A story about small town life…
and people with secrets that, if revealed, would hurt those held most dear.
They say that people in Hiram Falls get along because they have to—they see each other, do business with each other, every day so there is no alternative but to accept each other. But beneath that facade are secrets, that if discovered, would change things altogether.
The book centers on a large cast of characters in this fictional rural town from 1918-1973 whose lives intersect, some for the good, some for the not so good. Some of the large cast of characters are noble and hard-working and funny, others are weird, sad, even nasty: A young journalist who returns to his hometown only to find out things he wished he did not know; a man whose brain is damaged by an accident who regularly sees an imaginary man who may not be so imaginary after all; a crooked banker and his dangerous right-hand man —and their sons who continue the tradition;. a farmer trying to rebuild his life; a woman who carries a secret so disturbing she protects it all her life and her grandaughter who faces the choice of love or freedom.
This book has been years in the making, though the most focused work has so far taken more than three years. I intend this to be my best work and I have a team of brilliant writers and editors helping me with feedback and suggestions and encouragement. Several professional editors will help me bring it home.
My intention has been to self-publish this work in a variety of forms: Text and audio here; a podcast; a radio serial; an ebook and a paperbook. However, the professional editor who is working with me is pleading that I first submit it to an independent publisher first. I have decided to give that process, once I complete the writing in March 2023, six months.
Presuming that an independent book publisher does pick it up, I will be selling the book at a discount to all who subscribe here.
Presuming that an independent book publisher does not pick it up, I will be publishing it here, as planned, and on other platforms in late Fall 2023. I will keep you posted.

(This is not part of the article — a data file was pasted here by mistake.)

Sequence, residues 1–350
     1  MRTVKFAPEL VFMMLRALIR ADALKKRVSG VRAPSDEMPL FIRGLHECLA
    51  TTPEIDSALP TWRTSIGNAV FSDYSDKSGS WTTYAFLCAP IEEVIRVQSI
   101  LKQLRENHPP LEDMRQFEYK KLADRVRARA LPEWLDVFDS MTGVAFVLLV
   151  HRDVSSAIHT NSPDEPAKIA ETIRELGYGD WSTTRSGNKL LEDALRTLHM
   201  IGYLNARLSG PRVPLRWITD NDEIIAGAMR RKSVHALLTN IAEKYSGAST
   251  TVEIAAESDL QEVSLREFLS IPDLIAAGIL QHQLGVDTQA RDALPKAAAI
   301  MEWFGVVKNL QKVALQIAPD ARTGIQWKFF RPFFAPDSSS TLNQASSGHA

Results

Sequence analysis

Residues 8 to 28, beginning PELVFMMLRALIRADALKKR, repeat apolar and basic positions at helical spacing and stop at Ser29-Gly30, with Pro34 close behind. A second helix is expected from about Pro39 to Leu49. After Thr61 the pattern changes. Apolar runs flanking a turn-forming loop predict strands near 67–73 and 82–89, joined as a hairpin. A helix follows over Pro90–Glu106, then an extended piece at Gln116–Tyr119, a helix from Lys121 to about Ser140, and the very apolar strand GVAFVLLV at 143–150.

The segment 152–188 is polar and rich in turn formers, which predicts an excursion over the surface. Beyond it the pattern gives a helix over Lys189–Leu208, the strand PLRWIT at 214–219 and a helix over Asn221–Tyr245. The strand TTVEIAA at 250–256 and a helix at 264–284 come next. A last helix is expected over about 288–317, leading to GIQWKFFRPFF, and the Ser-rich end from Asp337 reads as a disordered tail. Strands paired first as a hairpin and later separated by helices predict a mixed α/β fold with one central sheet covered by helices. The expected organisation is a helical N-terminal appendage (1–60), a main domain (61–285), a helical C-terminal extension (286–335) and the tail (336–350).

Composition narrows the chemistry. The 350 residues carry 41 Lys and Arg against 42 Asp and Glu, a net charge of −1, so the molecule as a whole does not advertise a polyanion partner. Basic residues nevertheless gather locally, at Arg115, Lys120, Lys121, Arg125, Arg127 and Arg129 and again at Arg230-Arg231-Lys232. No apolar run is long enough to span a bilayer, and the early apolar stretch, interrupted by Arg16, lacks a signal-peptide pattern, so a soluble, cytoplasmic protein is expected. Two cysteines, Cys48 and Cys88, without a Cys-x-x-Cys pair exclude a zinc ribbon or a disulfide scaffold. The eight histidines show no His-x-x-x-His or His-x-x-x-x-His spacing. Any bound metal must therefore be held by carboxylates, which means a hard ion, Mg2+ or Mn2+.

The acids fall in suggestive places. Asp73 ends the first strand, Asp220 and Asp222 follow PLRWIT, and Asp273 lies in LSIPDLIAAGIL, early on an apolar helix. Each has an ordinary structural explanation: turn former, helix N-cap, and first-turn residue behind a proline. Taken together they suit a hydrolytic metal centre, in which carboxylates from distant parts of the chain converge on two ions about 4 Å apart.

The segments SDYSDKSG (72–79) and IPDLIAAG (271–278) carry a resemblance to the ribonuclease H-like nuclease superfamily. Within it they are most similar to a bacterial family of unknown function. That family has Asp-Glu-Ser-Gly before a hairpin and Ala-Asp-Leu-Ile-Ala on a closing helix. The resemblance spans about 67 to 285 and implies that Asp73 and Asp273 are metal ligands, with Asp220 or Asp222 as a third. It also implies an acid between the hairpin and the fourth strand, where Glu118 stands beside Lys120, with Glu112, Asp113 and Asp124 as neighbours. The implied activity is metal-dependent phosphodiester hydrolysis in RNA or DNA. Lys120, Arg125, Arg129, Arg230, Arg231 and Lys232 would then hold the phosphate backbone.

In the meantime, I will be posting occasional snippets here and will also be starting an edited series on the process I have undertaken to write the book. For those of you with the Substack App (free, easy to use), I will soon be introducing occasional ‘chats’ to hear your thoughts and answer questions.
I hope it all will pique your interest.
My intention is to give all of this (except the physical book) to all of you for free. BUT. But … But, you can show your love by making a DONATION and I will share all proceeds with three organizations who are helping me.
OR you can donate to them directly:
The Abenaki Nation of Missisquoi in northern Vermont. Please direct your donation to the nation’s food shelf and please mention that you are doing so because of this project. A small group of elders are helping me shape two of the characters in a respectful and accurate way.
Vermont Stage Company. This powerful, high-quality nonprofit theater company has staged my stories of four of this book’s characters. It will stage a fifth story in December of 2022. Its executive editor will be producing and directing the audio book version.
The Media Factory. This Vermont nonprofit which provides Vermonters with tools and advice and access to audio-visual equipment will be providing a recording studio and sound engineering for the audio book to ensure it is of podcast and broadcast quality. It will be broadcasting Hiram Falls installments on its Burlington radio station (99.3 WBTV-LP) as well as cable stations.
By the way if you do donate (and only give what you can afford) let me know (honor system) I’ll give you early access to the ebook and a discount to the physical book.
So why subscribe now?
Because the novel is going to be damned good and you will enjoy the snippets I will be publishing. I know. I know. That’s what they all say. And who the heck wants to subscribe to a first novel by an old fart from Vermont? (I ask myself the same thing.)
Because my Writing Journal will give you some tips on writing and help you in your own creative endeavors.
And, well, beause the stories of five of the characters that have been presented on stage to live audiences have brought rave reviews. People loved them.
So, there you go. And I thank you for signing up.